Barnes Springboks fallout
(Photo by Jean Catuffe/Getty Images)

Of the six refs seeking to progress from this year’s Six Nations to a first World Cup, Georgia’s Nika Amashukeli appears the rising star having handled Ireland’s meeting with South Africa in the autumn on the back of a Rugby Championship appearance and appointment to South Africa v Wales last summer.

Ireland’s Andrew Brace also appears to be a referee whose career is heading the right way with recent appointments including Australia’s clashes with New Zealand and England.

This leaves England’s Karl Dickson – for whom the recent Owen Farrell controversy has come at the worst possible moment – New Zealand’s James Doleman, Mike Adamson from Scotland and Australia’s Damon Murphy in a closely-contested race for whatever spots remain.

While four Englishmen, three Kiwis and three Aussies take charge of a 2023 Six Nations game, there is plenty of precedent for multiple refs from one country making the World Cup squad – for example France provided four of the 2019 line-up.

Looking further ahead, history tells us that it is extremely unlikely that the final referee will be someone making his World Cup debut; in all probability the four referees retained for the knock-out stages will include a maximum of one new boy.

From a vantage point eight months distant from the tournament, it seems very likely that Barnes and Peyper will fill two of the knock-out stage spots alongside two of Raynal, O’Keefe and Berry.


A quick look at their Six Nations appointments backs this up, with Barnes lined up for defending champions’ France’s trip to Dublin, Raynal handed the traditionally fiery Wales v England clash, O’Keefe taking charge of France’s trip to Twickenham while Berry and Peyper are at the helm for the competition’s closing round when France host Wales and Steve Borthwick’s team visit the Aviva Stadium.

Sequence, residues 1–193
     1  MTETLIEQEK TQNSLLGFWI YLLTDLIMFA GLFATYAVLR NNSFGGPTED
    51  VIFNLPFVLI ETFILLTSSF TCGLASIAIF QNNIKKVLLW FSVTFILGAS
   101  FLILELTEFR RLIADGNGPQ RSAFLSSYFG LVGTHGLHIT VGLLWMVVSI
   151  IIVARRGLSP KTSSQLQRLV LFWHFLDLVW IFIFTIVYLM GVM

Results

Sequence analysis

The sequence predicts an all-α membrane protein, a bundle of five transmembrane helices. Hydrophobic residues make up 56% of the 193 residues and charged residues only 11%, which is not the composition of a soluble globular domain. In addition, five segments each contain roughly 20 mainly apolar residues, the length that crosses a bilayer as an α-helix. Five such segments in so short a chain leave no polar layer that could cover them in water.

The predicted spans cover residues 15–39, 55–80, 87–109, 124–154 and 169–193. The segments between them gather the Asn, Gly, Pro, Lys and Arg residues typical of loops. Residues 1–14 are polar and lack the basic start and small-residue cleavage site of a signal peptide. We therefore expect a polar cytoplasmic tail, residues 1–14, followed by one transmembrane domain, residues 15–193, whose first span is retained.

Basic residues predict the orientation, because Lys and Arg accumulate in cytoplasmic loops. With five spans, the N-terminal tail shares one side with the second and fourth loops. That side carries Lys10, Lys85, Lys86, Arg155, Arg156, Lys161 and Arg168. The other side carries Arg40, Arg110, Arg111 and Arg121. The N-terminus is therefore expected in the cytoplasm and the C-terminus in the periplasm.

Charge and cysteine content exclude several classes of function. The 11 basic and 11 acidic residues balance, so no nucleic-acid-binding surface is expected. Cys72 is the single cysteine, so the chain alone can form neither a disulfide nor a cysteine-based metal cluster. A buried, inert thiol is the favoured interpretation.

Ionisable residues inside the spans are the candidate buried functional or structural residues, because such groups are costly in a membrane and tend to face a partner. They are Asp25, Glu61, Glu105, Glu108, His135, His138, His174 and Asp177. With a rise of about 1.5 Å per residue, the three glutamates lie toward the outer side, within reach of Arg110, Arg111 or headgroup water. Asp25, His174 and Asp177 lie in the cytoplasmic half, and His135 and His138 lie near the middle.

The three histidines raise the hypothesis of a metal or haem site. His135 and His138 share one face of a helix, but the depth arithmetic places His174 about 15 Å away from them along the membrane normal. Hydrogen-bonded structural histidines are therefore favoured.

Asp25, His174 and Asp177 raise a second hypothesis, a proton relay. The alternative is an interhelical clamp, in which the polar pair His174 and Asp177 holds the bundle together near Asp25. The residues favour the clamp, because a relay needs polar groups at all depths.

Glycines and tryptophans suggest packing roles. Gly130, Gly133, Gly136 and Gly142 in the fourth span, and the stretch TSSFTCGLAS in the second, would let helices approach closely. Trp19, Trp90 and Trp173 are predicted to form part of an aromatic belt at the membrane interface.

Of course, events can then take over, as we saw in Japan when Nigel Owens was injured during the semi-finals while Barnes and Peyper were ruled out of the final when England and South Africa qualified. This left Garces – a veteran of the 2015 semi-final – to finish his career on the highest stage. Could Barnes’ stellar 100-cap career end the same way? Watch this space…

Wales v Ireland
Referee: Karl Dickson (Eng)
Assistant Referees: Angus Gardner (Aus), Luke Pearce (Eng)
TMO: Tom Foley (Eng)

England v Scotland
Referee: Paul Williams (NZ)
Assistant Referees: Ben O’Keeffe (NZR), James Doleman (NZ)
TMO: Brendon Pickerill (NZ)

Italy v France
Referee: Matthew Carley (Eng)
Assistant Referees: Nic Berry (Aus), Jordan Way (Aus)
TMO: Ben Whitehouse (Wal)

Ireland v France
Referee: Wayne Barnes (Eng)
Assistant Referees: Matthew Carley (Eng), Jordan Way (Aus)
TMO: Brendon Pickerill (NZ)

Scotland v Wales
Referee: Andrew Brace (Ire)
Assistant Referees: Frank Murphy (Ire), Chris Busby (Ire)
TMO: Brian MacNeice (Ire)

England v Italy
Referee: James Doleman (NZ)
Assistant Referees: Mathieu Raynal (Fra), Tual Trainini (Fra)
TMO: Eric Gauzins (Fra)

Italy v Ireland
Referee: Mike Adamson (Sco)
Assistant Referees: Wayne Barnes (Eng), Craig Evans (Wal)
TMO: Marius Jonker (SA)

Wales v England
Referee: Mathieu Raynal (Fra)
Assistant Referees: Andrew Brace (Ire), Pierre Brousset (Fra)
TMO: Brian MacNeice (Ire)

France v Scotland
Referee: Nika Amashukeli (Georgia)
Assistant Referees: Karl Dickson (Eng), Andrea Piardi (Ire)
TMO: Ben Whitehouse (Wal)

Italy v Wales
Referee: Damon Murphy (Aus)
Assistant Referees: Karl Dickson (Eng), Chris Busby (Ire)
TMO: Joy Neville (Ire)

England v France
Referee: Ben O’Keeffe (NZ)
Assistant Referees: Jaco Peyper (SA), Andrea Piardi (Ita)
TMO: Brett Cronan (Aus)

Scotland v Ireland
Referee: Luke Pearce (Eng)
Assistant Referees: Wayne Barnes (Eng), Christophe Ridley (Eng)
TMO: Stuart Terheege (Eng)

Scotland v Italy
Referee: Angus Gardner (Aus)
Assistant Referees: Matthew Carley (Eng), Craig Evans (Wal)
TMO: Brett Cronan (Aus)

France v Wales
Referee: Nic Berry (Aus)
Assistant Referees: Andrew Brace (Ire), Christophe Ridley (Eng)
TMO: Joy Neville (Ire)

Ireland v England
Referee: Jaco Peyper (SA)
Assistant Referees: Ben O’Keeffe (NZ), Pierre Brousset (Fra)
TMO: Marius Jonker (SA)


Join free and tell us what you really think!

Join Free
TRENDING The 18-year-old national dance champion adding new spark to Black Ferns Sevens Miller adding new spark to Black Ferns